There’s a lot of money in motorsports. Some people try to get it winning races, others try the less-than-legal approach.
When one NASCAR fan found himself lacking interest in the race in front of him, he decided on livin’ things up a bit. What better way to do this than to steal the pace car and do a couple of laps?
Suggested By: Nerd-Vol
Funny coincidence when deputies found seven cars owned by racer Jennifer Jo Cobb in racer Mike Harmon’s garage. And this was only two weeks after he was arrested for stealing her team’s truck and trailer. Was he obsessed? The courts seemed to think so, ordering him to stay away from Cobb at all times.
Suggested By: Vlan1
Some years before her start in professional racing with Formula Abarth, Formula 3000 and eventually Formula One, Giovanna Amati experienced the misfortune of being kidnapped and held for ransom for 78 days. Because of her high profile and wealthy background, she was an obvious target. Amati was not released until the $933,000 ransom payout was received.
Suggested By: 2ndgear, Photo Credit: Getty Images
F1’s incredibly technical and ever-changing rule book has always made it difficult for the various teams to maintain competitive cars season after season. One of those seasons, several teams including McLaren, Ferrari, and Renault decided to take their R&D a step further by spying on on each other and stealing technical information to improve their own cars. What a mess.
Suggested By: Crossdrilled, Photo Credit: Getty Images
It was just earlier this year when Travis Kvapil’s NASCAR Sprint Cup Car was stolen right out from under the team’s noses in their hotel parking lot. Thankfully, the car was later found and recovered right off the side of the road, 25 miles from where it was stolen. Still no dice on the trailer that was taken with it though.
After James Dean’s death in a car accident involving his Porsche 550 Spyder, nicknamed “Little Bastard”, the California Highway Patrol decided to display the wrecked vehicle in an exhibit for highway safety. After the exhibit burnt itself to the ground without explanation, the CHP was transporting the car to another exhibit for display, when on route, the car fell off the transport vehicle. Once the CHP decided they wanted to wipe their hands clean of Little Bastard, it was in transport to George Barris, the original customizer of the car and the then-owner. Mysteriously, Little Bastard never made it.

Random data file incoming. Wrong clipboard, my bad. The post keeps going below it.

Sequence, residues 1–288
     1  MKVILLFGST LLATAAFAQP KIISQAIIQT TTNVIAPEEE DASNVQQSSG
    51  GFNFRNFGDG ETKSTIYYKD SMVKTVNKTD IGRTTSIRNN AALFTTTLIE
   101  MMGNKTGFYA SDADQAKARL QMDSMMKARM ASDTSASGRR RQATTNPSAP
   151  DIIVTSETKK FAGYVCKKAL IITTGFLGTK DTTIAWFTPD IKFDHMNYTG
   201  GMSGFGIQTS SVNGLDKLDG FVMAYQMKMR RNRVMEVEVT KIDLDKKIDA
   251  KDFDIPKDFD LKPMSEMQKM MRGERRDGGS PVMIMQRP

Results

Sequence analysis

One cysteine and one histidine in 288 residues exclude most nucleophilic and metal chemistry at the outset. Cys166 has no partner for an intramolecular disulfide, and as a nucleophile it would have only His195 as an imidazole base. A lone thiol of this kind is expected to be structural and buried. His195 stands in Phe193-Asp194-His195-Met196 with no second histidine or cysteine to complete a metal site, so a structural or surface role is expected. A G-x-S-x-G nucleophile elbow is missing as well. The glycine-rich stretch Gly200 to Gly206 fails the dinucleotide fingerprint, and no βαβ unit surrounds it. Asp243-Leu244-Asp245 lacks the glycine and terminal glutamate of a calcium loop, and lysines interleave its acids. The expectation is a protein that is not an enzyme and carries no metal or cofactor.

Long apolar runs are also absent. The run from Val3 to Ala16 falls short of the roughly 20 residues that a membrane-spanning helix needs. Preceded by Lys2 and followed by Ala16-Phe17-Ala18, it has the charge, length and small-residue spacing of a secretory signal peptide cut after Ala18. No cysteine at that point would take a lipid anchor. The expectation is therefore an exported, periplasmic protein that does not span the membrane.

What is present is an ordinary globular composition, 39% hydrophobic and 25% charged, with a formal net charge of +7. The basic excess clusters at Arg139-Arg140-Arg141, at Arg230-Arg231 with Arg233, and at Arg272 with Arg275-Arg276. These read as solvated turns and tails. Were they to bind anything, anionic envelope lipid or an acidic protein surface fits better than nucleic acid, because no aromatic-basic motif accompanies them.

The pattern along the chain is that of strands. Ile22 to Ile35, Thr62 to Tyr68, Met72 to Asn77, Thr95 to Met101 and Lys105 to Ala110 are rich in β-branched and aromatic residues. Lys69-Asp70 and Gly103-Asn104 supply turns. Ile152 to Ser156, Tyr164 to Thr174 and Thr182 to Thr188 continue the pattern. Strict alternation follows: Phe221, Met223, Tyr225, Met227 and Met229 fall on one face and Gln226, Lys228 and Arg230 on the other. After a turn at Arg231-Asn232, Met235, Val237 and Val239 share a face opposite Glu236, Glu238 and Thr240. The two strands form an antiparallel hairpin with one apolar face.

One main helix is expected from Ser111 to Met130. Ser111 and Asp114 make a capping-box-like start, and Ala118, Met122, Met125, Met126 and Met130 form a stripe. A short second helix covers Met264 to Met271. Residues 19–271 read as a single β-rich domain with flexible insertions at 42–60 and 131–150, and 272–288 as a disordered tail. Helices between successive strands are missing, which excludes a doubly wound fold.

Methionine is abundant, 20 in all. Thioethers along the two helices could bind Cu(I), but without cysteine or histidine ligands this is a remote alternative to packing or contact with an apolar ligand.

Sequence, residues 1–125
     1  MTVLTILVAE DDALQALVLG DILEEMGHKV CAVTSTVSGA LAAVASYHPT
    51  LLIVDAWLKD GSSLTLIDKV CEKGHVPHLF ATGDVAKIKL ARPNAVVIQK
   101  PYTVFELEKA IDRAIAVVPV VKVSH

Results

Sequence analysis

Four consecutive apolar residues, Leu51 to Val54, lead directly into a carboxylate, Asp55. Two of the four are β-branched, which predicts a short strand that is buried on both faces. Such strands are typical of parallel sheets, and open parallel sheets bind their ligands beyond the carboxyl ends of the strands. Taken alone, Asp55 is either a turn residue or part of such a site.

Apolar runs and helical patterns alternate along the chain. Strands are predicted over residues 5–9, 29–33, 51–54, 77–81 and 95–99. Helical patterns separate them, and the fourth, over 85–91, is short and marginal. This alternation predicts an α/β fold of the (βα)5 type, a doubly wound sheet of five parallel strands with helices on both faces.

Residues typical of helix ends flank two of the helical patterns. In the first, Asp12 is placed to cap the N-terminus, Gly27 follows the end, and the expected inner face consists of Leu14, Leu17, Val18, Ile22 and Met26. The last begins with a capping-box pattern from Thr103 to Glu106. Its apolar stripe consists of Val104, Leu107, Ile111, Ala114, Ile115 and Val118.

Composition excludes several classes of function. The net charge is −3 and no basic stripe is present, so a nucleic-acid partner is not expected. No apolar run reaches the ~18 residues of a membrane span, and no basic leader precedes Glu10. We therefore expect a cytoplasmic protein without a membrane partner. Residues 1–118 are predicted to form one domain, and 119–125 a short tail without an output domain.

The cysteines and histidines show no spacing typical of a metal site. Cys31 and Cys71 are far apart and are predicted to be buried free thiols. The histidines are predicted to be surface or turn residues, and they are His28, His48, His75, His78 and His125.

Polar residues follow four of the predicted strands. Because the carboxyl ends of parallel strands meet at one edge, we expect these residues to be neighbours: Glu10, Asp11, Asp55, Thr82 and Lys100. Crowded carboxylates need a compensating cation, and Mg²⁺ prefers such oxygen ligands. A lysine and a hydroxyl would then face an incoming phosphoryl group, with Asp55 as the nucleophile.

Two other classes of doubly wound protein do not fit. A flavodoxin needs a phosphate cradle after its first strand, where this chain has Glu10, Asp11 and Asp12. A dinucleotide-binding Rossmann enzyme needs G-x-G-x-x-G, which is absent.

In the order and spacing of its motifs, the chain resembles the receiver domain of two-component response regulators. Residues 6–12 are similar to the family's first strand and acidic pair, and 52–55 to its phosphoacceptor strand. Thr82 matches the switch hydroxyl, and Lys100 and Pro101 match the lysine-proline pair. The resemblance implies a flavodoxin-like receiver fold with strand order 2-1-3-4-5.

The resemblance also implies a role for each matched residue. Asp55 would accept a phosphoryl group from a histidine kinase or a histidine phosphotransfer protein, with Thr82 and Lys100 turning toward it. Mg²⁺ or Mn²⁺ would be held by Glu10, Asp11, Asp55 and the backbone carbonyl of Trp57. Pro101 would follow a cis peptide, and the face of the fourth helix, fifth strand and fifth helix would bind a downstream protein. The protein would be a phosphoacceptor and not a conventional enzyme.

Suggested By: austin webb, Photo Credit: Getty Images
Just prior to the 1958 Grand Prix of Cuba, the Cuban government thought it would be a great idea and international attention-grabber if they secretly kidnapped one of the race front-runners. So they did.
Late last year, a massive theft occurred at the Red Bull Racing factory when a team of thieves drove a car straight through the Red Bull Racing factory entrance and left with over 60 trophies. Little did the thieves know that most of the trophies they stole weren’t even real.
After being completely prepped for the 24 Hours of Le Mans, the car was stolen before it could get to the track. This reader can tell the story:
In 1969, Roger Penske and Mark Donohue fielded a Lola T70 coupe at the American endurance races. They entered and won the Daytona 24 hours. They then went to Sebring and did extremely well, but dropped out to to suspensions problems. The decision was made to get the car ready for LeMans.
The guys driving the truck transporting the car stopped at a bar for a couple of drinks. When they came out, the truck and Lola were gone. Mark Donohue took the initiative to try and find the car. Based on a tip, Mark and the authorities went to a barn where they found what was left of the car. The engine-a Traco 5 liter Chevy, was installed in a Cobra. The rest of the car was intact and so the car was rebuilt and sold. Sadly, there was no time to get the car ready for LeMans.
In an effort to promote the release of the movie Ocean’s Twelve, Jaguar was incorporated into sponsorship deal where two (uninsured) $300,000 diamonds would be mounted to the noses of two of their F1 cars at the 2004 Monaco Grand Prix. On the first lap, one of those F1 cars crashed, and the $300,000 diamond was forever gone.
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